By Nick McCarvel
Weeks after Paul Ruggeri came oh-so-close to realizing his lifelong dream of going to the Olympics in 2012, the New York native got a phone call: It was Michele Ribeiro, a family friend Ruggeri had known for years.
“Come live with us,” Ribeiro, owner of a gym in New Jersey, told him. “Come stay with us for a while.”
Unsure if he wanted to even continue competing, Ruggeri took Ribeiro, whose son is former U.S. pommel horse champ Daniel Ribeiro, up on her offer. He packed his car and drove from his apartment in Illinois, settling into a newfound routine.
“Paul was a bit frustrated that he didn’t even make alternate after Olympic Trials,” Ribeiro told USA Gymnastics. “He came and spent a year with us. It was a good year of growth for him… He developed this whole new perspective.”
That new perspective is something Ruggeri, now 27, has meticulously implemented into his gymnastics over the last Olympic cycle: Life – and competition – is a process, not a series of end points, and the patience and confidence in said process can be his greatest weapons.
It will be an approach put fully to test beginning Thursday at the Winter Cup Challenge, where Ruggeri – as the defending champion in Las Vegas – will continue another quest for an Olympic berth.
“Winter Cup is the beginning of the Road to Rio,” Ruggeri said in a phone interview. “All the big guns are going to be coming out and everyone is going to bring an extra intensity. I can’t wait to battle it out.”
Ruggeri’s road no doubt took a U-turn after his 2012 disappointment, and has had many twists and turns since then. In 2015, he was tapped for his first World Championships after being an alternate three times, an experience that further proved to him that a career can be built on step by step.
“Last year taught me a lot,” Ruggeri said. “I learned to be patient and let the performance come; you can’t concentrate on the outcome. If your best is not good enough, then so be it. You can only control the moment, and that’s helped me embrace the competitive spirit.”
That was on display in Glasgow at Worlds, where Ruggeri had an epic struggle of a first day before recovering mentally, delivering for Team USA when they needed it most.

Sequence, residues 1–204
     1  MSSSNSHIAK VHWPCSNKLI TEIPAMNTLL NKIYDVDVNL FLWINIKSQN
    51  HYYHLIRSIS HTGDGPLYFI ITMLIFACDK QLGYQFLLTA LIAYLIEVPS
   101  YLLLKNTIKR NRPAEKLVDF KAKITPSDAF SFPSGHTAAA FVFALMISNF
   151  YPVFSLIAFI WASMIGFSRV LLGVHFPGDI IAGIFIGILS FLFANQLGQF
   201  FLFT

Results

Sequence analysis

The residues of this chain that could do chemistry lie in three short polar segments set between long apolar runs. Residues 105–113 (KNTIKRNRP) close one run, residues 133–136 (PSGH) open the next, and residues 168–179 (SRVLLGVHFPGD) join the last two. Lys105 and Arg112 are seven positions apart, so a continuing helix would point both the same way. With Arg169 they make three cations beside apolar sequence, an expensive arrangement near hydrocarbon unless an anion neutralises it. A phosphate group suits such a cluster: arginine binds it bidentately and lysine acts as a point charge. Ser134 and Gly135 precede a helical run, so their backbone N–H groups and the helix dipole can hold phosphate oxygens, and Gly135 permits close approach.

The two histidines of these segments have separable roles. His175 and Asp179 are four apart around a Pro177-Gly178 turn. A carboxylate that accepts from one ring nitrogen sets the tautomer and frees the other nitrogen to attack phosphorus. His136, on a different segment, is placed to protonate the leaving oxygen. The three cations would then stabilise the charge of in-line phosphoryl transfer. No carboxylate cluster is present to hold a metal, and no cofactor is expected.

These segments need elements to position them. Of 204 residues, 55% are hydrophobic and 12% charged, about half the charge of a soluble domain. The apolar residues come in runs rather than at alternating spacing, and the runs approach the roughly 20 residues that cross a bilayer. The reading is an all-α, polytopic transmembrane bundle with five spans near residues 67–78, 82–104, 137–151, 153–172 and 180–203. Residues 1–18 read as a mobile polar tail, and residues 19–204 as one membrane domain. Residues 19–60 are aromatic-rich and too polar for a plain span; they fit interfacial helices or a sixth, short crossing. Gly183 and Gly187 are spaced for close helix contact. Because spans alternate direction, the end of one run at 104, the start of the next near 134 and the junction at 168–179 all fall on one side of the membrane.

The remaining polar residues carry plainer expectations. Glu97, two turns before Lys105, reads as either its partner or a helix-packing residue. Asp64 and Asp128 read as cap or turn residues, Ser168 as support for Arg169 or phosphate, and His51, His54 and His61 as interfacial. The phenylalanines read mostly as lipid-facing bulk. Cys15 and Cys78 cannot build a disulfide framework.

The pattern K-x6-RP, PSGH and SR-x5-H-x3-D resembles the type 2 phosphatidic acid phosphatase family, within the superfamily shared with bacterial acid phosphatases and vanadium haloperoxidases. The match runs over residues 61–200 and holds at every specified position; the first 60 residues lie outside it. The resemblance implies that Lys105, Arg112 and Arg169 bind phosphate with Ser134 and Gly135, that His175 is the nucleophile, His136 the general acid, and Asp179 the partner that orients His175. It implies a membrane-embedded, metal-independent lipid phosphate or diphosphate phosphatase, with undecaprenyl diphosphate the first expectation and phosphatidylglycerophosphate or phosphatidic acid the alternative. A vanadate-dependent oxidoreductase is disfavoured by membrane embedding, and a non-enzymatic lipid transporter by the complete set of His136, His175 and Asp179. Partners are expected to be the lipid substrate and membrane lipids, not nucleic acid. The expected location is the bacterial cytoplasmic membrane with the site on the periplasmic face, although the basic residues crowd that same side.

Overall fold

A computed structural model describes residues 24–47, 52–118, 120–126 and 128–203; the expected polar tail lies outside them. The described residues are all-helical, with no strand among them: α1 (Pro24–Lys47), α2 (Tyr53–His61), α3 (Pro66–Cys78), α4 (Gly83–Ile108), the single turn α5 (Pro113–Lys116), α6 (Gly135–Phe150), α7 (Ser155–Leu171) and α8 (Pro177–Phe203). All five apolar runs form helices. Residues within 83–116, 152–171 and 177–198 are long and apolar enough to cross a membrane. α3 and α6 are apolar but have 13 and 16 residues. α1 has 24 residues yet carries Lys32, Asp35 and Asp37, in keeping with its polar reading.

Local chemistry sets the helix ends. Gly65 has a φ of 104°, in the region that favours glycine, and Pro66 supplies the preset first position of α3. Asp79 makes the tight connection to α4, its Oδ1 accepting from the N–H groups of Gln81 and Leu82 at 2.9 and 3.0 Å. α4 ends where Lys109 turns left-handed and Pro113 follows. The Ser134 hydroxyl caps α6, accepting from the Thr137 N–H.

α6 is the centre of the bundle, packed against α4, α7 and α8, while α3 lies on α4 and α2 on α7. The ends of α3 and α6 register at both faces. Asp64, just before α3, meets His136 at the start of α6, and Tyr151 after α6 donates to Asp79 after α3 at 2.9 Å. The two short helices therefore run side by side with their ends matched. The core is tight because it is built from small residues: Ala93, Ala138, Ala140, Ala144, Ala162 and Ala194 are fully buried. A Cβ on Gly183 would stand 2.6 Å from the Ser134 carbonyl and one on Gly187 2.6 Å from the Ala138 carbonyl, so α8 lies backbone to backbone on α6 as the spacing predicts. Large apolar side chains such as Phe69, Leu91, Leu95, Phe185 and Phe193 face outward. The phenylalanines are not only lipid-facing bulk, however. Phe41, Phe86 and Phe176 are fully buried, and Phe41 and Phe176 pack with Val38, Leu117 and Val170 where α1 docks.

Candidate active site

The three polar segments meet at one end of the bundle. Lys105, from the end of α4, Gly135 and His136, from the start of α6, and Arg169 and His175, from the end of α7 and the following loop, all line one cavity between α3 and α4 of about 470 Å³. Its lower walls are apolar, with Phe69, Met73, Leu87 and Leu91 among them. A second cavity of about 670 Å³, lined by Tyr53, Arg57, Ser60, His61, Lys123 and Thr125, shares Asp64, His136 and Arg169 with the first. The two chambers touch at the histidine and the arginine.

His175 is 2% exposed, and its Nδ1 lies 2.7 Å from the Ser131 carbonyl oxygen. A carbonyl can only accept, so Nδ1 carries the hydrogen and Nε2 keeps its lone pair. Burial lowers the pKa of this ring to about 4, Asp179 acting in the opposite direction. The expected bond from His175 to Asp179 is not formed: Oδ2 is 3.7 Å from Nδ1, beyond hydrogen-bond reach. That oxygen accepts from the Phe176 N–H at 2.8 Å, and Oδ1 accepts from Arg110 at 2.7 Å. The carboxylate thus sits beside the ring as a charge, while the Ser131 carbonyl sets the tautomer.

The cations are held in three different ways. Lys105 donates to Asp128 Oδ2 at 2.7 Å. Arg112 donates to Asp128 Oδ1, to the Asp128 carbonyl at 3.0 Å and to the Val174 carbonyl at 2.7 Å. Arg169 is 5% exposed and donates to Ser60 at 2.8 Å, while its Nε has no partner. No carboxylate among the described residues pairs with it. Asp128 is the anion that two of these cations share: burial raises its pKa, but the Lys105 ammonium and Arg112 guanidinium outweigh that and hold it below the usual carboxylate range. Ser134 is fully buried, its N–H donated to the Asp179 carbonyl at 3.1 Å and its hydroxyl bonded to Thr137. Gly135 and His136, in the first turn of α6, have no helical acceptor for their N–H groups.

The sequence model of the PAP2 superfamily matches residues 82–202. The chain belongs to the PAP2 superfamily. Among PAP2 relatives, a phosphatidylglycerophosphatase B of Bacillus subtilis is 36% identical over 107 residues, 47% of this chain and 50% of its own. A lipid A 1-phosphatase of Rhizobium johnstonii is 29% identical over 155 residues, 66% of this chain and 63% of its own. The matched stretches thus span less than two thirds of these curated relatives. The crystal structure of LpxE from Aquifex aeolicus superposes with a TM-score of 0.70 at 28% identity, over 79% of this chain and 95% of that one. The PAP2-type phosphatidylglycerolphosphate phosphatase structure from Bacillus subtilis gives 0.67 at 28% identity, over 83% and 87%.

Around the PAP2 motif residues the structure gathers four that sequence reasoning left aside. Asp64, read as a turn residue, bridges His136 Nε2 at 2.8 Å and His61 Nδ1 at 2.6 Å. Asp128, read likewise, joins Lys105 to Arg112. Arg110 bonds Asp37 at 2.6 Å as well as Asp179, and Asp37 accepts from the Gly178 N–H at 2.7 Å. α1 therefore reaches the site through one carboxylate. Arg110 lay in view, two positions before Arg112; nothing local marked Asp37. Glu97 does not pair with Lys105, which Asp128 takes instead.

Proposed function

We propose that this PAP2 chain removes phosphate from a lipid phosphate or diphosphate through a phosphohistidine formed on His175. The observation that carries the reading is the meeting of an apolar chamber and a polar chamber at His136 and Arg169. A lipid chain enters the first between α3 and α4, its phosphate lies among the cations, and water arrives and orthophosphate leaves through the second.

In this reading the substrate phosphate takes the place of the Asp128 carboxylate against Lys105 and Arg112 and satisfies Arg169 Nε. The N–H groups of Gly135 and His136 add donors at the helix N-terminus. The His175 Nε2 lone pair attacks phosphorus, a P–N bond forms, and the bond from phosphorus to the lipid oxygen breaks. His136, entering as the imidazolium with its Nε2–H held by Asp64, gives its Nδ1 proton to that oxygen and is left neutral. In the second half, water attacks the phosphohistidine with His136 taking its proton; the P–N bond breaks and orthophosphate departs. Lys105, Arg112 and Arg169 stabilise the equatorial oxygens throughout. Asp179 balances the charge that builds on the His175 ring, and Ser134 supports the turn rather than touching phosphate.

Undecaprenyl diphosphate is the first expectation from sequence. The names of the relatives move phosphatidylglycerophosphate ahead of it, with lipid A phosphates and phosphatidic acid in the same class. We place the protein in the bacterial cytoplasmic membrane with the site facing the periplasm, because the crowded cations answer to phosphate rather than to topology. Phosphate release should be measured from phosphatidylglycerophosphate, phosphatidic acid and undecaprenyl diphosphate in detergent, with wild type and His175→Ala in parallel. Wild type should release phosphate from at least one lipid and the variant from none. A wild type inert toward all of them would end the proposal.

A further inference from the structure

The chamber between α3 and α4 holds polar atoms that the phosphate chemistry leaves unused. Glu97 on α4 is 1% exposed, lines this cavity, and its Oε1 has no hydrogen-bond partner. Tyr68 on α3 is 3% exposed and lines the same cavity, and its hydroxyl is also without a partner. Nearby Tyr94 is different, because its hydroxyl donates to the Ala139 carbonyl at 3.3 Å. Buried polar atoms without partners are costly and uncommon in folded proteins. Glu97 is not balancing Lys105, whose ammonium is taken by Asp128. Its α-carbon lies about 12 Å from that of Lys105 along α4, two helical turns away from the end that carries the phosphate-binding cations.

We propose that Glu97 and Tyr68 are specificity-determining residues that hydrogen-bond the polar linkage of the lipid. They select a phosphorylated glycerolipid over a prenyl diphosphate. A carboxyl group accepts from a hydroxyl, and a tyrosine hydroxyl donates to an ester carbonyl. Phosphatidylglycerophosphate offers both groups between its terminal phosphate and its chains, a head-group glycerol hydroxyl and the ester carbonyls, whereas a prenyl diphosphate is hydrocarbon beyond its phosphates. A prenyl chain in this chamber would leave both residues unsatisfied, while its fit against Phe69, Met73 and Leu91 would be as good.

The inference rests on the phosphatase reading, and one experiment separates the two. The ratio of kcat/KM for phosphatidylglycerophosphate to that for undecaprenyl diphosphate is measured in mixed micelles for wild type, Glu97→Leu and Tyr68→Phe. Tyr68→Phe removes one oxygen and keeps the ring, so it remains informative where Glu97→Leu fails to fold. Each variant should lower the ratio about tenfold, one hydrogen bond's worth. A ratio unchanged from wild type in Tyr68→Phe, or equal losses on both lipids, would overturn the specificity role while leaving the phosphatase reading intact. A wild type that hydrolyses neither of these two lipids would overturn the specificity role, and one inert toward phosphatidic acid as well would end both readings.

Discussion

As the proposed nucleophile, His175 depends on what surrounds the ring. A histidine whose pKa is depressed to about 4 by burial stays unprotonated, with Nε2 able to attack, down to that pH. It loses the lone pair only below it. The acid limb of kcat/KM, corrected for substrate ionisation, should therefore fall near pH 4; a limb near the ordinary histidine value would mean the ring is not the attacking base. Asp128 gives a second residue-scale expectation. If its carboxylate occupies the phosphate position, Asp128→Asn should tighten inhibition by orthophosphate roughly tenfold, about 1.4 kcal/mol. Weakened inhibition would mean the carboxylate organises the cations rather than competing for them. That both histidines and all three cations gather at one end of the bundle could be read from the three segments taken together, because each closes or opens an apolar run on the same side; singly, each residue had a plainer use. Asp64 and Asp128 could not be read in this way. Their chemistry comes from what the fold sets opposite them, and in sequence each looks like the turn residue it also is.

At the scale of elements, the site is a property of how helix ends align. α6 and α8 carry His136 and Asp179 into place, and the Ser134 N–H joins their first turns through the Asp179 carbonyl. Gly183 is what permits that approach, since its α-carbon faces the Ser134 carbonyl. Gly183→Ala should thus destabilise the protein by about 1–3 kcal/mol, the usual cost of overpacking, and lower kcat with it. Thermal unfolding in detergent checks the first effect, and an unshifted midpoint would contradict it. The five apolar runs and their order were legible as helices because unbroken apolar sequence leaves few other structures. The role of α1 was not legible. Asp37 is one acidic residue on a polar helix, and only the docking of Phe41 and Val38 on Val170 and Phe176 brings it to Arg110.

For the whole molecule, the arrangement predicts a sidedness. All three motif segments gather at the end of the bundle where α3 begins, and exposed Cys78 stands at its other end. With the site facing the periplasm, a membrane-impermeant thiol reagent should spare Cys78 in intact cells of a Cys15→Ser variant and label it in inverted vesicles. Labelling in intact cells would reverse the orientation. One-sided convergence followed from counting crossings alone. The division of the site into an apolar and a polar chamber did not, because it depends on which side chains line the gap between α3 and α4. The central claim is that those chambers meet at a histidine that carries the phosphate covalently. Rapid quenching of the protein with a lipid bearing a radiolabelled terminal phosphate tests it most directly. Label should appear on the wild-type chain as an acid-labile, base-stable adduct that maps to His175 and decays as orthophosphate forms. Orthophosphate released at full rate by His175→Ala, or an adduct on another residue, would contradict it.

“I try to remind him a lot about learning from the negative,” said Ribeiro, whose husband, Joao Ribeiro, was an Olympic gymnast for Brazil. “I tell him, ‘Don’t get swallowed up by the negative.’ He had a horrible first day at Worlds, and guess what? Instead of being eaten by that, it fueled him. That’s not easy to have that much pressure on you when your confidence is completely shaken. I thought that was pretty impressive for him to dig deep and pull it together and do it for his team. The more he reflects on those things, the stronger he becomes mentally.”
The top goal in 2016 is to stay injury-free, with the Olympics looming in August and the U.S. Olympic Trials for men’s gymnastics in late June in St. Louis. Recently, Ruggeri has nursed a slight shoulder injury.
“Paul has been doing well lately,” said Vitaly Marinitch, head coach at the U.S. Olympic Training Center. “Everyone has their own approach. We want Paul to be himself. We want him to go after things one event and one skill at a time. He knows how to turn it on when it counts.”
That’s an approach that helped Ruggeri win at Winter Cup 12 months ago, and something he’s continuously come back to after a slew of disappointments following his successful collegiate career at the University of Illinois.
“There are moments I didn’t get it when I thought I deserved it,” he said of those shortfalls. “I have learned to let go of the outcome. That’s what I have to do. My goal is to be on the Olympic team, but my real goal is to be the best I can. If I do that, my strengths will put me on the Olympic team.”
Phone calls are often with Ribeiro now that Ruggeri, a member of Team Hilton, is in Colorado Springs at the U.S. Olympic Training Center.
“I speak with him a lot about the process,” Ribeiro said. “The Olympics has always been the big goal… the quiet goal. Now that the Olympics are really close, it’s something you’re going to fight for or not. It’s about striking that balance: Not getting obsessed and overwhelmed, [but] focusing your energy to put yourself in the best position to make it happen. It’s a delicate balance. Who is going to be worthy, handle the pressure and be healthy?”
Ruggeri hopes that that’s him, and that the 2012 disappointment is something safely in the past. Regardless, as a reflective athlete, Ruggeri appreciates where he is at the present moment in his life.
“If you told me ten years ago this would be my life, I would be in a little bit of disbelief,” Ruggeri said, laughing. “I thought that I would be going to medical school. I think a younger Paul would be like ‘Holy crap! You actually accomplished something!’ But no, I’m proud to be a part of this gymnastics community and living out a childhood dream.”
Nearly four years after she called him, Ribeiro sees a completely transformed Ruggeri.
“He’s really, really focusing on the things that he can control and enjoying the other parts of the journey otherwise,” she said. “He looks like a completely different person. I think he’s really matured and improved his weaknesses not only as a gymnast, but as a human. He’s a role model, captain, leader.”
And if his debut as a competitor at Worlds last fall taught him anything, his approach is working.
“The one thing that did surprise me there was my ability to handle the pressure,” Ruggeri recalled. “There were a lot of nerves and a lot of emotions. Worlds was an emotional roller coaster. We suffered some injuries, but we still went out there and did our jobs. It was pretty remarkable.”